This is a tough category, simply because many types of nuts are crazy expensive and/or sold as aspirational products. Peanuts, however, are seen by the grocery industry as a low-end commodity food and thus priced accordingly. We buy only store-brand unsalted peanuts and store-brand unsweetened peanut butter.

Canned tuna in oil: remember to field-test the store brand! Remember: it's likely from the same third party food producer as the branded tuna.

Basic oils: on many mornings, I consume 1-2 teaspoons of olive or canola oil in addition to 2-3 eggs (also fried in oil). This quick, satiety-boosting dietary tweak helps me stay feeling full from early in the morning until well past noon.

* Olive oil
* Canola oil

You can safely skip the idea of buying any of today's various trendy oils: coconut, avocado, pumpkin seed oil, etc. Like red lentils or many types of nuts, these are aspirational products in the eyes of grocery store retailers, and--no surprise--they're also priced accordingly. Don't buy. Generally, we buy one or two large jugs of commodity olive or canola oil, and only buy when on a significant sale (as in half-off or buy one/get one free). We keep an inventory in our pantry, which allows us to wait until the grocery store meets our price, not the other way around.

Readers, now it's your turn! What low-costs protein and fat-based foods would you add? What did I miss?


Read Next: The Consumer Must Be Protected At All Times

How can I support Casual Kitchen?
Easy. Do all your shopping at Amazon.com via the links on this site! You can also link to me or subscribe to my RSS feed. Finally, consider sharing this article, or any other article you particularly enjoyed here, to Facebook, Twitter (follow me @danielckoontz!) or to bookmarking sites like reddit, digg or stumbleupon. I'm deeply grateful to my readers for their ongoing support.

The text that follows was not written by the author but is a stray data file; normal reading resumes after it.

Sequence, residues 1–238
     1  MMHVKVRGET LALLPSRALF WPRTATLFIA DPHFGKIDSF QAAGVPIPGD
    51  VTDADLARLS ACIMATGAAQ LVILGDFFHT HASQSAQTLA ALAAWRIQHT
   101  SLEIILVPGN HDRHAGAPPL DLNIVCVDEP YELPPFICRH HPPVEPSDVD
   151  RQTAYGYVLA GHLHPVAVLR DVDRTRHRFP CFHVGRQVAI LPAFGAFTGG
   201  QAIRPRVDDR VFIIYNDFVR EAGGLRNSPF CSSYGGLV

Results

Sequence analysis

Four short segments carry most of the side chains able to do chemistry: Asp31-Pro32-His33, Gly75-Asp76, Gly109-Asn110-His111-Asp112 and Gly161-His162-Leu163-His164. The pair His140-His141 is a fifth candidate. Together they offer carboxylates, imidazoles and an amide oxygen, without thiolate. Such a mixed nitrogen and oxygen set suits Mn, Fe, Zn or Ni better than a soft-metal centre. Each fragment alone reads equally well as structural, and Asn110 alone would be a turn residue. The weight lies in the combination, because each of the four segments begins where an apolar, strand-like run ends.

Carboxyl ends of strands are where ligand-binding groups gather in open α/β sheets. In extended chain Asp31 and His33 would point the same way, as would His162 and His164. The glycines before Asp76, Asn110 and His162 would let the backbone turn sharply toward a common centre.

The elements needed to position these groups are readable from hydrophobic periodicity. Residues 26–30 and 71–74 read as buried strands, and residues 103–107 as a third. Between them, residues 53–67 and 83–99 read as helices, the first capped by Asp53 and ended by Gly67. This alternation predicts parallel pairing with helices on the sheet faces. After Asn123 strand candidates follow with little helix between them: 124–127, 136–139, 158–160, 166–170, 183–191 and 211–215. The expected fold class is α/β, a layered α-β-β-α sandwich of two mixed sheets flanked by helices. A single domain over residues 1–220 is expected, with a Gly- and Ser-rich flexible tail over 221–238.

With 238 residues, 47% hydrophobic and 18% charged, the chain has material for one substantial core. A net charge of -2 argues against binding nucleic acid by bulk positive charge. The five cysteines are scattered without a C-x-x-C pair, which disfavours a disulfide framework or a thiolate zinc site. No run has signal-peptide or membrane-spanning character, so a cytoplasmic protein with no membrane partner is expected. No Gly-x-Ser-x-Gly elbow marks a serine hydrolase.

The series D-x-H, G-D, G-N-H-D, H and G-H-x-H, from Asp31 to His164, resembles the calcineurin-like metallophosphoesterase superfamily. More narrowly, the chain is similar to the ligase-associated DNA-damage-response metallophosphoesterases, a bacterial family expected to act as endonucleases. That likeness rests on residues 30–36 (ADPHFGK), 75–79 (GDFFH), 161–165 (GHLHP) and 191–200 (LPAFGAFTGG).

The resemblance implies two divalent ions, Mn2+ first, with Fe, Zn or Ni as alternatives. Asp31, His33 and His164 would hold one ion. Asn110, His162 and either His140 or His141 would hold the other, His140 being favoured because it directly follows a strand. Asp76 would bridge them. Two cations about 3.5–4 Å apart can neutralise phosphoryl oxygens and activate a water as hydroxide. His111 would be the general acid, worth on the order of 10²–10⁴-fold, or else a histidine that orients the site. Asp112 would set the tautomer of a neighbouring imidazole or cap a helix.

CK Links--Friday May 20, 2016

Links!

Don't forget: The easiest way to support Casual Kitchen is to buy your items at Amazon using the various links here. Just click over to Amazon, and EVERY purchase you make during that visit pays a modest affiliate commission to support my work here. Best of all, this comes at zero extra cost to you. As always, I welcome your thoughts.

PS: Follow me on Twitter!

*************************
Useful timesaving cooking tips from real life line cooks. (Thrillist)

A study linking fat babies to Diet Coke reveals everything that's wrong with dietary and epidemiological studies today. (Jayson Lusk)

Bonus: Why a "no added hormones" label on pork or chicken is truthful ...but misleading in a surprising way. (Jayson Lusk)

On the dominance of Allrecipes, and why the gap between the food we cook and the food we talk about has never been larger. (Slate)

The media always gets this wrong about maintaining weight loss. (Greatist)

How breakfast became a thing. (Priceonomics)

If you're a kid wanting to open up a little lemonade stand in Austin, TX… here's your long list of regulations, requirements and fees. Kind of depressing. (Marginal Revolutions)

Fascinating post on "aphantasia"--the inability to form visual images in the mind. (Blake Ross)

Forget Photoshop. It's camera angles that make you look thin (or fat) in photos. Really interesting. (Bustle)

Social networking algorithms are boosting conspiracy theories... and distorting reality. (FastCoexist)

"Financial impotence has many of the characteristics of sexual impotence, not least of which is the desperate need to mask it." (Atlantic)

Mr. Money Mustache does a good job exposing some of the fallacies and biases in the above Atlantic article. There are a lot of 'em. (Mr. Money Mustache)


Got an interesting article or recipe to share? Want some extra traffic at your blog? Send me an email!


How can I support Casual Kitchen?
Easy. Do all your shopping at Amazon.com via the links on this site! You can also link to me or subscribe to my RSS feed. Finally, consider sharing this article, or any other article you particularly enjoyed here, to Facebook, Twitter (follow me @danielckoontz!) or to bookmarking sites like reddit, digg or stumbleupon. I'm deeply grateful to my readers for their ongoing support.